What to Know
- A federal judge has blocked a New York City law requiring Airbnb to hand over “voluminous” data on a monthly basis about its users
- The New York City law, which was passed unanimously in July 2018, was scheduled to take effect Feb. 2
- The law called for Airbnb, similar services to turn over info about its users, including names, addresses, where they stayed & for how long
A federal judge has blocked a New York City law requiring Airbnb to hand over “voluminous” data on a monthly basis about people who use its apartment listing services from going into effect.
U.S. District Judge Paul Engelmayer handed down the preliminary ruling in Manhattan Thursday.
This case arises out of the city’s efforts to regulate home-sharing platforms and peer-to-peer apartment rentals. Engelmayer blocked the law while the company challenges it in court.
The New York City law, which was passed unanimously in July 2018, was scheduled to take effect Feb. 2. The law called for Airbnb and providers of similar services to turn over information about its users, including names, addresses, where they stayed and the longevity of their stay, each month.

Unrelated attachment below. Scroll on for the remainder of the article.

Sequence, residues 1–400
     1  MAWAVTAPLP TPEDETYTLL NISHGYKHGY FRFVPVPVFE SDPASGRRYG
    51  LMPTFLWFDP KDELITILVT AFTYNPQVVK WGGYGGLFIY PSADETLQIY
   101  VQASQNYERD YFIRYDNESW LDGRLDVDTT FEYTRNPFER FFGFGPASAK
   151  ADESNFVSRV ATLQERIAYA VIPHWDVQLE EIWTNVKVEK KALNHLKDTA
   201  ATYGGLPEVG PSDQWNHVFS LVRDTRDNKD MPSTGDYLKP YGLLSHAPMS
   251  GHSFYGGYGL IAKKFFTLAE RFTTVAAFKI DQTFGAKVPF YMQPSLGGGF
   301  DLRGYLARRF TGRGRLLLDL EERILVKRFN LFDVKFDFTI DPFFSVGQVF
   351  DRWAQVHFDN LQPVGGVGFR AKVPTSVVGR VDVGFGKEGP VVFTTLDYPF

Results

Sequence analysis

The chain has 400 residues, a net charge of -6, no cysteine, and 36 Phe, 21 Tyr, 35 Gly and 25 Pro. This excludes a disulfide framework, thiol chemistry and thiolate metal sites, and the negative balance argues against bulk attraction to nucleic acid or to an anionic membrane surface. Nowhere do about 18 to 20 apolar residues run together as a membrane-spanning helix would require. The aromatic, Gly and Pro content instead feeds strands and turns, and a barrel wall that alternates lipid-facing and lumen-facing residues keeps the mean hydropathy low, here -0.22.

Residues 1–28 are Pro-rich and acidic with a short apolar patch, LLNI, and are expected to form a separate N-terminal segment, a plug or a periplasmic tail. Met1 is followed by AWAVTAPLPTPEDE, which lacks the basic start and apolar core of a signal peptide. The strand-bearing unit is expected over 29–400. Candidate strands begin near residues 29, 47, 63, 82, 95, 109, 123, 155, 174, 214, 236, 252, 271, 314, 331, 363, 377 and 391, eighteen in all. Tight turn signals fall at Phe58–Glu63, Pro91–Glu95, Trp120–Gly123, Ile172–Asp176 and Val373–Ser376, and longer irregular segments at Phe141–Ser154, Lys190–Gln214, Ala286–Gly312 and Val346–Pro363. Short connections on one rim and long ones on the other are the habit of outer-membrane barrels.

Airbnb is a an online marketplace where users can access services to arrange and offer short- and long-term lodging, including homestays where hosts lease or sublease their living space to guests.
The San Francisco-headquartered company argued that the law violated the U.S. Constitution’s First and Fourth Amendment dealing with protection against unreasonable search, seizure and interceptions of private property by the government, and conflicts with the Stored Communications Act.
Engelmayer said in Thursday’s ruling that the company was likely to prevail in the case under their Fourth Amendment challenge.
In a statement, Airbnb called the judge’s ruling “a huge win for Airbnb and its users, including the thousands of New Yorkers at risk of illegal surveillance who use Airbnb to help make ends meet.
“The court today recognized the fundamental importance of New Yorkers’ constitutional rights to privacy and the sanctity of their own homes,” the statement continued.
During a Thursday press conference, Mayor Bill de Blasio touted the city's law as "a good law" and that it would stop landlords from creating defacto hotels which he said were "unfair and illegal" and "creates real security problems from neighbors."
De Blasio said he believes the city will "ultimately prevail."